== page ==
As a result, they have left huge craters and gullies that are posing a serious health threat to people as mosquitos have found lucrative breeding ponds while livestock is threatened with drowning.

However, the villagers said the gullies are a blessing in disguise as they collect water from these gullies. 

They also compete with domestic and wild animals for the muddy water. Villagers in the Jese and Goto area have gone for more than 20 years without portable water. 

They are forced to fetch water from the Munyati River, some 10km away. 

The water is also dirty but they have no option.

Ironically, the main water tank that supplies water to the business centre is less than three kilometres from their villages. The only families that have a borehole are from the Mudzimba Village where the headman resides.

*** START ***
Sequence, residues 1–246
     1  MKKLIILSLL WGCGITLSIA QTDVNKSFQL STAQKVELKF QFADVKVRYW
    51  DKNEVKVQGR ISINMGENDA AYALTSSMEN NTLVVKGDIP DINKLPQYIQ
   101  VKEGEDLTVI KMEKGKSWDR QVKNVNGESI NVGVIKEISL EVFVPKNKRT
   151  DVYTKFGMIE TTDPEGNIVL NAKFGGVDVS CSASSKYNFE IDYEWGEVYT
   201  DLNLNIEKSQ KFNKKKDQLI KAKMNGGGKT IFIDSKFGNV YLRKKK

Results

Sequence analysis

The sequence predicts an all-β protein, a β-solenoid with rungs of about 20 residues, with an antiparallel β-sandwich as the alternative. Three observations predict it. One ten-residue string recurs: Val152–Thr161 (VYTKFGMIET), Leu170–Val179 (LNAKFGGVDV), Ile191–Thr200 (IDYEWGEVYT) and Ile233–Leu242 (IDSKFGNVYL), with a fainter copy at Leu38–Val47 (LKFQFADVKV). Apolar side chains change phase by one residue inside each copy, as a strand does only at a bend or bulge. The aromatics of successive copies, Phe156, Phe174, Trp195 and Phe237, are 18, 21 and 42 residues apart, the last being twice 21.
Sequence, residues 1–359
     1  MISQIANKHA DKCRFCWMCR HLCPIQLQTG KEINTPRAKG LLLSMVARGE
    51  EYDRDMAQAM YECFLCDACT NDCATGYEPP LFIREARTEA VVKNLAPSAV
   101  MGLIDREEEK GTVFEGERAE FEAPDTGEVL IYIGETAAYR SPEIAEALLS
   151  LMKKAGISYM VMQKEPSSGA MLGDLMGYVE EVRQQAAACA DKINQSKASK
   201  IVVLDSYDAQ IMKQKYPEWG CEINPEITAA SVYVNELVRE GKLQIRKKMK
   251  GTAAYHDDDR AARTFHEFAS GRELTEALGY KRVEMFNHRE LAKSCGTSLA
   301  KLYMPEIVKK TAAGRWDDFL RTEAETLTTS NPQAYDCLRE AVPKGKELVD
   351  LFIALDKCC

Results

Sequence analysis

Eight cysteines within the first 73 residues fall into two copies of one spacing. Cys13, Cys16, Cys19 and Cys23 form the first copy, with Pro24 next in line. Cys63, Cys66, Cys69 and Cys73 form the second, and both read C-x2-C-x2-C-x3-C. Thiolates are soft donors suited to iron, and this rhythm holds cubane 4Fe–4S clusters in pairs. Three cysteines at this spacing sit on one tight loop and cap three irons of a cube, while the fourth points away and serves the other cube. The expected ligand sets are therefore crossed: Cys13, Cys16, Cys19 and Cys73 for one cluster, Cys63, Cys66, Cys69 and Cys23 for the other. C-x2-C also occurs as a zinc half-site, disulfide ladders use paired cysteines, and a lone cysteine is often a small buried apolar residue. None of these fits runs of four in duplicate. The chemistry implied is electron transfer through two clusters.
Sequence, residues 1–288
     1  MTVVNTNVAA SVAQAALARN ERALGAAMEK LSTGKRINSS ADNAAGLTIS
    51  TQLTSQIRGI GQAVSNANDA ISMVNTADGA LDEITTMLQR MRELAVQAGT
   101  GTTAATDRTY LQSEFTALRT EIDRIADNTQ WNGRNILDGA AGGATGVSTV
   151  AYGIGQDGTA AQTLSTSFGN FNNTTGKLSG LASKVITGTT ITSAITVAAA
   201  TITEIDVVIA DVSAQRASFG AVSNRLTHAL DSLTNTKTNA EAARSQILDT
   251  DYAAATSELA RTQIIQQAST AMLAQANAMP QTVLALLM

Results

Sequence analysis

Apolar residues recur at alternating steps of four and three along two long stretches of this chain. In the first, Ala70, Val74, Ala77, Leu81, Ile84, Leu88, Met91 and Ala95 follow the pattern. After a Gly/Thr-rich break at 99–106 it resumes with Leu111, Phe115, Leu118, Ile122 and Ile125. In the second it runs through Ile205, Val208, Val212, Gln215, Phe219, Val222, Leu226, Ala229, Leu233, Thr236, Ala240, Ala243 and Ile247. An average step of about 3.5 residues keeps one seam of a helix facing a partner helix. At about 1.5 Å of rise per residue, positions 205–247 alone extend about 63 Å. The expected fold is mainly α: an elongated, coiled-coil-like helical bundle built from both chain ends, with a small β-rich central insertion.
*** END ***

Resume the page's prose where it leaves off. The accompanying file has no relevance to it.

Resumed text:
This is despite the fact that the Government has assured the rural populace they will benefit from the borehole drilling programme. Meanwhile, man and beast continue to clash at the watering holes and villagers have exhausted all efforts to have their problems attended to. 

The villagers said both traditional leaders and politicians in the district should work to improve the welfare of villagers in line with President Mnangagwa’s vision of achieving middle-income status in roughly the next decade. 

As we drove back to Kadoma in a commuter omnibus, villagers still spoke in hushed tones of what has happened to their cash crop, cotton. One elderly man shook his head in disbelief and said perhaps there should be a traditional ceremony to cleanse their district to break the curse of the white gold.